Social Media for Lawyers Examined | Try a little context.

Are you still trying to get your arms around social media? Still feeling uncertain about it’s usefulness in marketing your practice or for networking your referral sources?

You’ve probably attended webinars, conference sessions, read whitepapers, articles, blog posts, and maybe even books, to try to find the most simple, direct answer to “what should I be doing?” And, you might even have come up slightly more overwhelmed, right? May I suggest that you…

Establish context.

I’ve spent the last three years speaking on social media to groups of lawyers, marketers, law firm administrators, and more, watching eyes glaze over densely illustrated slide decks with dizzying screen captures of sites and services. I’ve gotten my share of unsettling looks from the risk averse when covering the issues of privacy, policy, ethics, and other do’s and don’ts. I’ve fielded hundreds of questions from lawyers and marketers, only to realize that I’ve created more questions than I answered for them.  Truth is, I study this stuff, it’s my JOB, and even I am often challenged by the unstructured nature of social media.

I determined to fix that. Social media needs a little more structure. To that I said, ahaha! CONTEXT. We need context. Context gives structure to plans, why not social media.  So, if you’re tired of the buck shot approach and want to give your social media experience a little more structure…read on….there’s only one step…

1. Don’t do anything different.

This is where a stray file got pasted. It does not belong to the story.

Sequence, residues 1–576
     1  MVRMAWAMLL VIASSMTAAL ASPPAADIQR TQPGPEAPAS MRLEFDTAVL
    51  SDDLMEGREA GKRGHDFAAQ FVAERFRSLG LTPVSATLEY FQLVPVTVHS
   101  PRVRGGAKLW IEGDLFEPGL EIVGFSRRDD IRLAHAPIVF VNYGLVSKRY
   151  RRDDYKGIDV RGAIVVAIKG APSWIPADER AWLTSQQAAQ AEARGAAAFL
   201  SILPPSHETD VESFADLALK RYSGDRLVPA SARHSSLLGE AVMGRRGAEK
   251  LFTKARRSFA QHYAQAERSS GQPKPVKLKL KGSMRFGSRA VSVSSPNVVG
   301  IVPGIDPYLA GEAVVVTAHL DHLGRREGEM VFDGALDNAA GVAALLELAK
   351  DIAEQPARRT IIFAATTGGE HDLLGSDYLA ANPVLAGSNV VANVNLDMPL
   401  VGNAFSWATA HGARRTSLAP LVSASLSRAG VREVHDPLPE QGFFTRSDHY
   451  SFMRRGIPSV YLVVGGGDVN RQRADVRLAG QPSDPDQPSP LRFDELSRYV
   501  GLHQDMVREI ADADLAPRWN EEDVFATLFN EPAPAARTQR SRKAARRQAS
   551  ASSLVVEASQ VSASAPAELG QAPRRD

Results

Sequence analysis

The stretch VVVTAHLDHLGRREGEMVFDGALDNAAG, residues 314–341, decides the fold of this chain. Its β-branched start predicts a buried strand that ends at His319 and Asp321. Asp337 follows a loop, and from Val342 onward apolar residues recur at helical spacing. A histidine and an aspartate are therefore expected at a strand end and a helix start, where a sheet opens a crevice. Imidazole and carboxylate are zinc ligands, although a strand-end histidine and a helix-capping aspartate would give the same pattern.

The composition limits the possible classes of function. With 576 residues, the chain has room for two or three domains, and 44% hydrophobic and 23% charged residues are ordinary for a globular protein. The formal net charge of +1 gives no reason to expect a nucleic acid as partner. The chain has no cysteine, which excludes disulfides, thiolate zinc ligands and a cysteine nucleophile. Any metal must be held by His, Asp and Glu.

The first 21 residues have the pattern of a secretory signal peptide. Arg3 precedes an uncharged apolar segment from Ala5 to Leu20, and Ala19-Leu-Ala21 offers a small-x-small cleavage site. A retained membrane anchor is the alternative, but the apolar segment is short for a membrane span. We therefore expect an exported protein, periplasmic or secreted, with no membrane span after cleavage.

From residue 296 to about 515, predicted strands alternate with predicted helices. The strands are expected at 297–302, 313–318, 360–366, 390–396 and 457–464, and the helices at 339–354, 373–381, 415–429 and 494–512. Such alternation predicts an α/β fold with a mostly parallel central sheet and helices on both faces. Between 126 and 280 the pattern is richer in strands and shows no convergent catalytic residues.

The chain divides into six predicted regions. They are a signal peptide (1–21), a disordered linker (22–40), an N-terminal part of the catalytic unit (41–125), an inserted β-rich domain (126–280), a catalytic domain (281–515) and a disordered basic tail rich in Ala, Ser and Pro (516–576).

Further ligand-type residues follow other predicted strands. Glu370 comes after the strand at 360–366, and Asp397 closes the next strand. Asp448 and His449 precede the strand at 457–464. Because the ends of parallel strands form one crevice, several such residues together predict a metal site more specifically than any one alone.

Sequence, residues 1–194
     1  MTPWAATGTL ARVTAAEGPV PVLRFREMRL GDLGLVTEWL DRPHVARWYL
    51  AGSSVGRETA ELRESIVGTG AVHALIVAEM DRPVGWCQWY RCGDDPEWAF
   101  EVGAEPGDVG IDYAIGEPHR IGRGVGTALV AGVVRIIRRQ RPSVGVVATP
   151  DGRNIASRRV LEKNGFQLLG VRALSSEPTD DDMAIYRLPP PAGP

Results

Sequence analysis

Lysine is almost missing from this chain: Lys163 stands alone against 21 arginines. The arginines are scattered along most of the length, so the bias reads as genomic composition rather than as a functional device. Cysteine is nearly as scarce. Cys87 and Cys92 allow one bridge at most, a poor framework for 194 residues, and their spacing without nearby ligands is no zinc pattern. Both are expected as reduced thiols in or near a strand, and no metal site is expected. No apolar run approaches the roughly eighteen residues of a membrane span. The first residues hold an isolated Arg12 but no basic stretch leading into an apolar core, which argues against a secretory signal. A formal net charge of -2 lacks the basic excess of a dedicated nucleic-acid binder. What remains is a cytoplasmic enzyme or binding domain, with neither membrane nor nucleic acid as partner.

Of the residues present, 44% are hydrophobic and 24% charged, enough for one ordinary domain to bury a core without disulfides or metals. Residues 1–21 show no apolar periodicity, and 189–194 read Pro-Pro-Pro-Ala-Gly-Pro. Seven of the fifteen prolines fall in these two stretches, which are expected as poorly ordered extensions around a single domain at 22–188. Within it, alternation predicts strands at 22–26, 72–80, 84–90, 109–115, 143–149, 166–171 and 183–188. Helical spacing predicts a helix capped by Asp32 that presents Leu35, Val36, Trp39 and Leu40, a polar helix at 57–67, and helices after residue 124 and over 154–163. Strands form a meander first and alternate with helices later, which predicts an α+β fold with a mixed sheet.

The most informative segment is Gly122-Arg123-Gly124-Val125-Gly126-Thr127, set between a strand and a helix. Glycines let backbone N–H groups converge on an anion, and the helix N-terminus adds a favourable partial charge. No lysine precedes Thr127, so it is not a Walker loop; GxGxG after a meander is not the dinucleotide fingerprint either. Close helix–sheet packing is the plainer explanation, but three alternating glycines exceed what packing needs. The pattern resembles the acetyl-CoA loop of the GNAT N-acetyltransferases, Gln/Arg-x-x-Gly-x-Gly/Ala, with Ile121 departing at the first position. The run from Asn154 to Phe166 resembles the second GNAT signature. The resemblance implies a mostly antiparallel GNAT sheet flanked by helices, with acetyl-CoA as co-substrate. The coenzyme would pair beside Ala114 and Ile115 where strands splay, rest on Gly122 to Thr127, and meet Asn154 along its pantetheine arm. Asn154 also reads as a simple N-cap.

Keep doing what you’ve always done (either consciously or unconsciously) when originating or expanding on business—help the buyer through the purchase process. That process of buying services hasn’t changed since the first day that the very first service was bartered or bought.

Whenever there is a high involvement purchase, you can be certain that the buyer WILL pass through these four phases:

  1. Recognition
  2. Knowledge gathering
  3. Consideration
  4. Selection

Your job as an attorney is easy; help the buyer through the stages.

The Buyer’s Process.

1. Recognition – the buyer seeks to recognize their options; i.e., “Who can help me set up a trust fund for my kids?” Now, without being aware that you, an estate-planning attorney, exist, how can they hire you? They can’t. You have to have exposure.  Marketing your practice via things like advertising, sponsorship, speaking, writing, website optimization, or word-of-mouth (referrals) are all good ways to “help buyers” who are looking for your services to find you. (I used the estate-planning example here, which is more B2C, but it is really the same, or similar, for B2B practices as well.)

2. Knowledge gathering – Once the buyer feels confident that they have sufficiently identified a manageable universe of attorneys they will move into the knowledge gathering phase. This is where they start talking to others, ask for specific reasons why they are recommending so and so, AND, they do an Internet search to learn more about you, as well as learn as much as they can about their options—your competition. (Give them lots to look at! Give them more than the one-dimensional website bio page!)